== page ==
Annabelle69 Mon 07-Oct-13 18:10:03

Many of you have commented on pensions looking ok if your mortgage is paid off. I did some calculations and for a modest house you need to factor in around £300pm just to pay utlities (council tax, TV license, gas/elec, water etc) and say £200pm for repairs (boiler replacement, pipes, usual house stuff). So it's £500pm needed (£6,000pa) just to run a mortgage free home. Then you have other costs, car, food, etc etc. I'm never one to assume, so I've based my retirement sums on me being on my own. If I retire at 55 it's 11k pa (no where near enough), at 60 it's £22k pa.

OrganixAddict Mon 07-Oct-13 18:23:35

If I work forever and pay in everything I can (currently 15% +5 from employer) I will be looking at about 6k! Hoping to increase salary when dc older but v aware time is running out. Lottery anyone?

Thatsinteresting Tue 08-Oct-13 06:03:43

I can't remember the exact amount but my annual pension should be enough for a cheap weekend away for us once a year and nothing more! I know I should have done things differently but at 18 retirement seemed like something for other people. Then we saved every penny for a deposit (although we were paying into dh's pension confused). I started a pension but was on maternity leave 2 years later and now don't work at all.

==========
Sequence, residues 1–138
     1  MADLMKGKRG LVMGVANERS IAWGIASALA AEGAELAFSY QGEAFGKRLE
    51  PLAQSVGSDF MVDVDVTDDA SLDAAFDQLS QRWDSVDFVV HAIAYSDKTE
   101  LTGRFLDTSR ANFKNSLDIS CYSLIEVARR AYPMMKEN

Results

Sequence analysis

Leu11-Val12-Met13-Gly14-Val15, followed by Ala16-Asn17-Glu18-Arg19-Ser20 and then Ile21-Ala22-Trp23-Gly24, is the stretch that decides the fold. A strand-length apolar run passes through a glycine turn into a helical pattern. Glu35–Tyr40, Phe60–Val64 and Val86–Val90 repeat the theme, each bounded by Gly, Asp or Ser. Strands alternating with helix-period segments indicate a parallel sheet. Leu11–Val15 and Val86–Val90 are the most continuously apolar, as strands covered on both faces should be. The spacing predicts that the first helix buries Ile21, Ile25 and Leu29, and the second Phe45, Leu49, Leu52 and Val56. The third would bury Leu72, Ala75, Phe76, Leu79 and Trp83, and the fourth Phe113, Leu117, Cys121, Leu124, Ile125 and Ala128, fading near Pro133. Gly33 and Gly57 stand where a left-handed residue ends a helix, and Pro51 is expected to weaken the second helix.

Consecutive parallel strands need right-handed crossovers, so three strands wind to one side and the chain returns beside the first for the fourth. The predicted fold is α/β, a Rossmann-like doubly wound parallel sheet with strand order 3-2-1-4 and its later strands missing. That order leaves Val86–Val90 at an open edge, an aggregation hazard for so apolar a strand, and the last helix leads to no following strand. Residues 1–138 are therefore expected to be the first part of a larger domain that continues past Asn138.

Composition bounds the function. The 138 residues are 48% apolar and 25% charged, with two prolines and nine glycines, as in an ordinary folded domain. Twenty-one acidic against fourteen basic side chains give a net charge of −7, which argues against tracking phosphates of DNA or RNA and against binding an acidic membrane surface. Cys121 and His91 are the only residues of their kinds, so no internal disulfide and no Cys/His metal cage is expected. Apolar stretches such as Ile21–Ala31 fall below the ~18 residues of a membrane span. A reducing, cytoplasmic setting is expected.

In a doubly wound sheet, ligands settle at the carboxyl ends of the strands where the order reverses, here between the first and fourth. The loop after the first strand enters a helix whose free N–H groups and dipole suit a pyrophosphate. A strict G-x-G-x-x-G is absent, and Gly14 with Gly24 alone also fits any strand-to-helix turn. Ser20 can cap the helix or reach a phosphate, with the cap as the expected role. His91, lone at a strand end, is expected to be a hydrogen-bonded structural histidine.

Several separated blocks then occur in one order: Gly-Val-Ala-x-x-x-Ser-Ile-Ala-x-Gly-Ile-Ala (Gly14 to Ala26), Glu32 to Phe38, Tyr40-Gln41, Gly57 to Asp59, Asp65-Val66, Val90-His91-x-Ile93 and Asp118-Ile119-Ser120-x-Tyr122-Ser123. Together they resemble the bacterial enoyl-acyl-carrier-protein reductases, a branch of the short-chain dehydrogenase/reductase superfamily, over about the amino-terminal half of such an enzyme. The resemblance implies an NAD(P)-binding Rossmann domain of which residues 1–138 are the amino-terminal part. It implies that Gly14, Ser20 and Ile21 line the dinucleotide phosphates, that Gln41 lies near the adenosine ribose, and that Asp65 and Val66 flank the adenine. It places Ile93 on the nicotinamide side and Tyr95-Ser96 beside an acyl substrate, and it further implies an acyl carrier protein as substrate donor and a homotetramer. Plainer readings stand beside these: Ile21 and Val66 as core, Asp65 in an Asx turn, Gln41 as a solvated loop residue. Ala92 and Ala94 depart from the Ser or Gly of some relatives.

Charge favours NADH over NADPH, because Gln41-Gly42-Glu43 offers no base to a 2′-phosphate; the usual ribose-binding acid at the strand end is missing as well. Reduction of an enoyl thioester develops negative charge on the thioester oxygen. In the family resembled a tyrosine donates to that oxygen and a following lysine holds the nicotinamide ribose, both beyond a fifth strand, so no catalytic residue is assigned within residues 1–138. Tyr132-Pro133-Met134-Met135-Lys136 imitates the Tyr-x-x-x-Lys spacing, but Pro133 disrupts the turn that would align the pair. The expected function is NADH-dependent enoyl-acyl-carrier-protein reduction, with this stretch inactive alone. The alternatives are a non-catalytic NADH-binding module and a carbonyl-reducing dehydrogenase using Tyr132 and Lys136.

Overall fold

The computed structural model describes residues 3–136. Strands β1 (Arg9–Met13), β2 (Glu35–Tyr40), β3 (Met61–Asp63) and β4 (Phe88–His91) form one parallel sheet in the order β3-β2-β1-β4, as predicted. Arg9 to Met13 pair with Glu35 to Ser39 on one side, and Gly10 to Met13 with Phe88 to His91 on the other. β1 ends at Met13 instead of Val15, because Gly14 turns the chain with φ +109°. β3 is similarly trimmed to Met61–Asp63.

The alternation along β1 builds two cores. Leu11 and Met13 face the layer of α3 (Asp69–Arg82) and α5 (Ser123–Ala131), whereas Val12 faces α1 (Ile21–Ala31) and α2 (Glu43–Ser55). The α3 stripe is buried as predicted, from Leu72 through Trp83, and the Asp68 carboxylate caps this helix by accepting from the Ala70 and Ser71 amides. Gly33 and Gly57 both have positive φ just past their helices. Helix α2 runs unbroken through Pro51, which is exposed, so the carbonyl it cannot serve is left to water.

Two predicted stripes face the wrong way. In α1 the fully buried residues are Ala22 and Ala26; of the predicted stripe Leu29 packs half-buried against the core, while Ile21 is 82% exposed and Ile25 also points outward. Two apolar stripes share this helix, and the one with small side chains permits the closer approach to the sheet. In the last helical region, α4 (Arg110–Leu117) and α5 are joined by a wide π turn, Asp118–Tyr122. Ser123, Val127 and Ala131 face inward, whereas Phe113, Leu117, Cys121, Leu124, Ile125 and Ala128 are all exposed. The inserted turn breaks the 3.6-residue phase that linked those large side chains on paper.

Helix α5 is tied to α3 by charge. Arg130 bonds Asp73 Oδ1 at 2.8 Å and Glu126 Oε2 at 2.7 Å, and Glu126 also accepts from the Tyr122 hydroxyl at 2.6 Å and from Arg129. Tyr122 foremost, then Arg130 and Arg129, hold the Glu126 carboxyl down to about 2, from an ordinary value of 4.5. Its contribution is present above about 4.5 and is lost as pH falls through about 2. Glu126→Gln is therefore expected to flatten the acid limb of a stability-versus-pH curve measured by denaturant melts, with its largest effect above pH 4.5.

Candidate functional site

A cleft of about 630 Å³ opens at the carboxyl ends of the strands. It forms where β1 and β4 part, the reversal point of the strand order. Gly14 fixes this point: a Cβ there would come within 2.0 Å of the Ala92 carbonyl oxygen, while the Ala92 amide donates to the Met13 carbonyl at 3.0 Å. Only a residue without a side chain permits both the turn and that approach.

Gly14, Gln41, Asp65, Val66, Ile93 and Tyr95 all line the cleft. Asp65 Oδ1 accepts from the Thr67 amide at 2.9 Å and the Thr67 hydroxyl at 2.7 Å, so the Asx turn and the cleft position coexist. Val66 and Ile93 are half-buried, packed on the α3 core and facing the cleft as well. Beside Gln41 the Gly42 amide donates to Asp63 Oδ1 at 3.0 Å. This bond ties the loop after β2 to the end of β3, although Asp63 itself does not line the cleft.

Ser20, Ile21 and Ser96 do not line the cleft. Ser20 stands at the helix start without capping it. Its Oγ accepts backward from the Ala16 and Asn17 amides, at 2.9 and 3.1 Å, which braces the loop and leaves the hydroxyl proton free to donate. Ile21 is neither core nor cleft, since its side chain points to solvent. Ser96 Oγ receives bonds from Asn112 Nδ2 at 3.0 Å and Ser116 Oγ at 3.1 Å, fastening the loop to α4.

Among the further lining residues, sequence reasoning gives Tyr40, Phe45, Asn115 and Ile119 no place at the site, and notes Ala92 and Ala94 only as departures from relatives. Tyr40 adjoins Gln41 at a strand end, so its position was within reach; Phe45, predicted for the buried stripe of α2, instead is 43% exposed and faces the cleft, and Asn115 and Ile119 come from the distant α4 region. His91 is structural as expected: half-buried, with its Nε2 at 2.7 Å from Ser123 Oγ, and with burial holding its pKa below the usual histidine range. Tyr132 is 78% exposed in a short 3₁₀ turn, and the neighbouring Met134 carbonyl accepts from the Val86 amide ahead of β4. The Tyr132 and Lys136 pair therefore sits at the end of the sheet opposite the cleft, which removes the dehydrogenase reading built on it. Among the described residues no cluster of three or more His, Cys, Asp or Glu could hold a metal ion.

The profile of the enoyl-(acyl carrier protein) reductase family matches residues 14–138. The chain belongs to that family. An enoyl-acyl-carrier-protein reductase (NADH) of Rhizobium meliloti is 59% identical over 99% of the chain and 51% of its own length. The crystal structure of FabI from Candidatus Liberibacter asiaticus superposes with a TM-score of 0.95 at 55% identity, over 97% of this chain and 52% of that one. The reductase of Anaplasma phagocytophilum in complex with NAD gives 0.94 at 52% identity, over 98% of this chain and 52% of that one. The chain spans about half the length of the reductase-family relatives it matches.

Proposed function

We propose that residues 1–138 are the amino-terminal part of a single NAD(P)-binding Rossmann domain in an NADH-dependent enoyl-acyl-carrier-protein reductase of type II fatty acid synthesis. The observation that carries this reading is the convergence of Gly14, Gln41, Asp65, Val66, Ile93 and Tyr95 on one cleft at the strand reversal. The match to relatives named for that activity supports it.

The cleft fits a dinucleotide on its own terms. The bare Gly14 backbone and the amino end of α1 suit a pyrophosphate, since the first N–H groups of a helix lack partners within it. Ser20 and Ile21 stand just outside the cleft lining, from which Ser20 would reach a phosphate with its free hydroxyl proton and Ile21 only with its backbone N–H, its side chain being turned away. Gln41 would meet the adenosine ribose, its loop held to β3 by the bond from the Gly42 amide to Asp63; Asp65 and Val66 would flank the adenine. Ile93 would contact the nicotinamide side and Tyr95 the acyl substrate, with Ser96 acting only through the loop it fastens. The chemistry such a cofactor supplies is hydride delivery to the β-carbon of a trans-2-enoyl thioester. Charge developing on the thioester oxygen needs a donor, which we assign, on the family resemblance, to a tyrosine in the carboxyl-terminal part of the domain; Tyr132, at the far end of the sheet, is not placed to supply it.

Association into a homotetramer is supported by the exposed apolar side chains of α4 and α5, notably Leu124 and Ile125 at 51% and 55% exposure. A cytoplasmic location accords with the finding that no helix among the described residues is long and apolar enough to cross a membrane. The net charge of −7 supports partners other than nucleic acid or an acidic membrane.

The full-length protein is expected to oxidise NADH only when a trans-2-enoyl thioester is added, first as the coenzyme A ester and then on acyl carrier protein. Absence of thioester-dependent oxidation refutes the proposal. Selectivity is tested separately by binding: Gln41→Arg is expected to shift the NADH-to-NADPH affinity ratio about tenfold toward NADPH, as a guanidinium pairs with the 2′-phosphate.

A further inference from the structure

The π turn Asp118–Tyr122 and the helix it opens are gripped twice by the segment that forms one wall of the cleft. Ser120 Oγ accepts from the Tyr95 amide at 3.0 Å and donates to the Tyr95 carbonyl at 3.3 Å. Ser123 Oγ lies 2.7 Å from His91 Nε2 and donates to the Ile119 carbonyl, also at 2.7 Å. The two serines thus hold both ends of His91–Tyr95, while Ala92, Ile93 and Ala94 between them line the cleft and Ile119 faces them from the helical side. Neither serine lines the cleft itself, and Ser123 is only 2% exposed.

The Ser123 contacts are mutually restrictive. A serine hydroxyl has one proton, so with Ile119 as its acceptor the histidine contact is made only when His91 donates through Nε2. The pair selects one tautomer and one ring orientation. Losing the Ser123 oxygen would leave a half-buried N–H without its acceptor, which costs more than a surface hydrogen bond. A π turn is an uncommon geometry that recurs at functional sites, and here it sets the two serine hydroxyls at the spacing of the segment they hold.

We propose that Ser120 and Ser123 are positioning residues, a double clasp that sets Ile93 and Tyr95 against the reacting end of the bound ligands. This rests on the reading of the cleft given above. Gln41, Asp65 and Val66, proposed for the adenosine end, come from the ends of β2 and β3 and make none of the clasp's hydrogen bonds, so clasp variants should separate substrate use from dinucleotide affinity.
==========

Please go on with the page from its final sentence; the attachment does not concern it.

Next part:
Chubfuddler Tue 08-Oct-13 06:09:46

Not brilliant, and at the moment I rent. But I'm only 35 and fully intend that to change soon, plus my career has big potential in the next 5, 10, 20 years. I would hope that within the next 20 years I will either be an equity partner or a district judge. That's my 20 year plan anyway.

sicutlilium Tue 08-Oct-13 12:52:21

£43k p.a. at 60 from a 16 year defined benefit stint in the City, plus state pension at 66. City job nearly killed me and I only stuck at it for so long because of the pension.

Annabelle69 Tue 08-Oct-13 18:24:17

Sicutlilium - I hear you. Ditto here, in corporate land in a job that is definately not my vocation and doing my head in, but a rare final salary pension scheme and it's the only reason I stay there. Short(ish) term pain, long term gain.

Preciousbane Tue 08-Oct-13 18:37:43

I know projections can change and I kind of worry pensioners will be boiled down for glue by the time I hit 65 anyway. However when fiddling about with investments a few years ago the bloke I had an appointment with at my building society said about 70% of people that saw him had no pension provision at all.

SIL is a good case, she has been working for 26 years and apart from a Year travelling and a year working for peanuts as a ski resort rep has always earned a good wage, always far more than average earnings. She also has for at least 50% of this time had free accommodation. She has no pension plan and has saved nothing at all.

Notmadeofrib Tue 15-Oct-13 21:51:40